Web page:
Friday, May 7, 2010

"Sauna Season Veggies"

Below is an article I wrote for 'Florida Gardening' in 2006. To the list of crops mentioned I would add: Katuk, Currant Tomato, and my new favorite, Molokhiya (Corchorus olitorius), a heat NEEDING leafy vegetable from Egypt that thrives in summer here. While this article was written for Florida gardeners who think summers are too hot here to grow food crops, it should be helpful to gardeners anywhere where summers are long and hot and humid. John


What passes for winter in central Florida is already a cool memory many will long for this upcoming "Sauna Season" of tropical muggy heat, and our cool weather veggies will soon be showing signs of heat stroke too. So March through May are excellent times to plant some classic Southern crops, plus "alternative" ones, that glory in summer’s excesses, crops that dislike cool temps and can be killed by frosts and freezes. Just think of the gardening year as a 6 month Hot Season spanning April through September followed by a 6 month Cool Season…October through March. Luckily, there are food crops that thrive in each season. Northern transplants embracing this concept will have their chronic failures replaced by success once they get over that old habit of planting everything in spring!

Try tucking some of these Hot Season veggies as seeds and seedlings right in amongst your maturing Cool Season crops for a steady and productive transition. Scatter a 2 inch thick layer of horse stall sweepings all over the garden before or after you plant those transition crops to insure good growth for the entire garden. Don’t have a nearby horse stable? Scatter a one half inch thick layer of dried sheep or poultry manure sold in bags at garden shops, or a sprinkling of "menhaden fish meal’ from a feed store about as heavy as you’d sprinkle parmesan cheese on spaghetti. Or if you are an avid composter what could be better than top dressing that garden with an inch or two of rich moist compost! No need to turn these nutrients sources under the soil… do so would destroy your cool weather crops! Just let earthworms and rain and your occasional hoeing incorporate those nutrients into your soil. My favorite mulch for the veggie garden is those horse stall sweepings, but bags of oak leaves, pesticide-free grass clippings or free wood chips mulch from a tree trimming service work fine too, especially the fresh green grass clippings from an organic lawn as they are teeming with beneficial bacteria and vital nitrogen. Each March is also a good time to give acidic inland soils a Parmesan cheese-style sprinkling of dolomite limestone to "sweeten" the soil….get your soil tested or check for a predominance of acid-loving weeds like dollarweed, sandspur, goats beard, or sedge. Most veggies like the soil only slightly acid, but often our soil is very acid. South Florida and coastal folks fighting high alkalinity can lower their soil’s pH with a heavy sprinkling of cottonseed meal each March, July, September and December when they feed their soil. Those decaying mulches will release natural acids to help too.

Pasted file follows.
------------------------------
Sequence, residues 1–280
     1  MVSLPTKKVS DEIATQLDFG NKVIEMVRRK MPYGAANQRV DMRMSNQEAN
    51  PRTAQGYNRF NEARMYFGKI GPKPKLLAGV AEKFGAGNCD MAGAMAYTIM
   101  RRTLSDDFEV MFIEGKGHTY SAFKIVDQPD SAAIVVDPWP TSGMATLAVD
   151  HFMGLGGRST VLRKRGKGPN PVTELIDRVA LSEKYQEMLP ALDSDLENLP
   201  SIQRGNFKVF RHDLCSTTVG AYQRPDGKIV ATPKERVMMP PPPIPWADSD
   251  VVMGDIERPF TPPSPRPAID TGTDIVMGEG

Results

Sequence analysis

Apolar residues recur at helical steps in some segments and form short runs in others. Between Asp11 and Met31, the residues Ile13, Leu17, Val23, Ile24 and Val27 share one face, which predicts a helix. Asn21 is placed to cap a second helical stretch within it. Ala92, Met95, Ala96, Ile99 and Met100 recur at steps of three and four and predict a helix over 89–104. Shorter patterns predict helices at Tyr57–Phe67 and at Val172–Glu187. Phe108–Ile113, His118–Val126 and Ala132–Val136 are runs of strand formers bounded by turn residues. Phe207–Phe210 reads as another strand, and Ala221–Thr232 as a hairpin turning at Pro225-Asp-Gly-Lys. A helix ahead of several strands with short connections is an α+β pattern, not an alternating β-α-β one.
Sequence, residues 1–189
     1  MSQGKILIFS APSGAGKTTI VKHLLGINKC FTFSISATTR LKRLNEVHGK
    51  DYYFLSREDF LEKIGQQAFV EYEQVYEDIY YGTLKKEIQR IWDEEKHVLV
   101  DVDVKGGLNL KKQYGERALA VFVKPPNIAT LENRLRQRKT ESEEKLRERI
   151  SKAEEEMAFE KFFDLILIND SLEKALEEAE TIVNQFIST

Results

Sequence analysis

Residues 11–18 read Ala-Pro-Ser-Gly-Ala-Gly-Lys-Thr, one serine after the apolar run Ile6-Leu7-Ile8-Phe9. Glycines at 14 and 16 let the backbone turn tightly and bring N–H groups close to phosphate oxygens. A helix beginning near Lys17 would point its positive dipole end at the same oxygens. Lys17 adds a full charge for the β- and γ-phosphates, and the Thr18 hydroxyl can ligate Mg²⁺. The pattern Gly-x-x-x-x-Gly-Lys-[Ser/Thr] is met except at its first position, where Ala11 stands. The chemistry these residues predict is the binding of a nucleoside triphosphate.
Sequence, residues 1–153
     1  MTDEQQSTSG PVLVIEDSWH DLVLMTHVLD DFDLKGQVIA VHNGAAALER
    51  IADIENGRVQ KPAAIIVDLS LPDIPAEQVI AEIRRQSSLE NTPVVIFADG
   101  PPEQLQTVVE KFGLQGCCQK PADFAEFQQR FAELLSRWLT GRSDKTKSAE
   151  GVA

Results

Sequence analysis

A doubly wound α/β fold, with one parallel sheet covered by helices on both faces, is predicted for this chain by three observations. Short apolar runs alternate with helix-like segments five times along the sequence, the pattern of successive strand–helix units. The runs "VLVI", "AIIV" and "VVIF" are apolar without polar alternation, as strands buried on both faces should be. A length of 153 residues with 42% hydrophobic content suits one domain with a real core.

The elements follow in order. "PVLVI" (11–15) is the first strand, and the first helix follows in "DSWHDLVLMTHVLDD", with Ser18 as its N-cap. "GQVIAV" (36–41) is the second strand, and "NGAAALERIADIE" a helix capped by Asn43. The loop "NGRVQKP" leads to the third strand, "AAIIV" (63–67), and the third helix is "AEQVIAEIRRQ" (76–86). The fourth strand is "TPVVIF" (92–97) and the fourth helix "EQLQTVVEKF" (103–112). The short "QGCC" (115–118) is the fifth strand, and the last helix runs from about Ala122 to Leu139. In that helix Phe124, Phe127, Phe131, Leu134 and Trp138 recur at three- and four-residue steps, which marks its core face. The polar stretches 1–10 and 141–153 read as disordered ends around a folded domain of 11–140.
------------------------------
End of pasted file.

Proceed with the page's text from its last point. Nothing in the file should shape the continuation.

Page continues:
An easy way to start is to buy a bag of Black Eye Peas from the grocery store for cheap seeds…plant them 1 inch deep and 5 inches apart in a garden row for a very reliable summer crop that originated in tropical Africa. Neither a pea or a bean they belong to the Vigna Family (as does the just-as-easy ‘Chinese Yard Long Bean’) and offer edible young new leaves that can be snipped into stir fry. The orchid-like flowers are lovely and edible in salads.

Buy a generic‘Calabaza’ squash from a Cuban grocer, or a Kabocha squash from an Asian market, and save several of the seeds when you bake it and plant them in a big pile of compost off by themselves as the rampant vines will swallow up a veggie garden. The lush tropical-looking vines bear huge golden yellow blossoms that make lovely edible plate garnishes, and young newly unfolded leaves can be diced into casseroles and stir fry. Late each summer you’ll have a bounty of deep green or tan squashes with nutty tasting orange flesh…they keep for several weeks, can be baked, chunked and added to Cuban and Jamaican and Thai stews, used in "pumpkin pies" or cut raw into strips and dipped into salad dressing. Or buy on-line selected varieties of Calabaza from central America, southern Mexico or the Caribbean for variations in flavor, size and productivity. ‘Seminole Pumpkin’ is a native squash from the Everglades that glories in summers here and was the Seminole Indian’s favorite crop.

Originating in tropical Africa, okra is the archetypal Southern summer veggie, bearing huge numbers of those protein-rich pods that are deliciously crunchy (not slimy) if eaten raw fresh from the garden. Once again, the young newly unfolded leaves may be diced into cooked dishes for color and nutrition, and the beautiful pale yellow and maroon flowers look beautiful in the garden and as an edible garnish. "Clemson Spineless" is an old standby and my favorite variety, but this year I am trying the purple podded varieties that turn green when cooked just for the heck of it. A wonderful heirloom okra is "Fife Creek" sold by the great folks at Baker Creek Heirloom Seeds (

Get cuttings of cassava (Manihot utilissima) from Cuban or Filipino neighbors and root them easily for lush, 8 foot tall tropical-looking beauties that about a year later yield the richly textured and flavored tubers you may have savored as "yuca" in a Cuban restaurant. The young leaves may be cooked with spices as a summer "green".....Google African recipes for this cool use of the vitamin and mineral and protein-rich leaves produced in abundance all summer.

Cucusa, or Cucuzzi, seeds were once rare, traded amongst us gardening nuts but are now showing up on seed racks. Another rampant vine great for covering arbors and fences, this member of the true Gourd (Lagenaria) Family has the characteristic white blossoms and oddly scented leaves. Each June and July it bears large numbers of 2-4 foot long pale green "squashes" shaped like baseball bats and that taste like firm nutty zucchinis; they are best when the length of your forearm. It grows like a weed with no real pest problems till midsummer when the stink bugs take it out.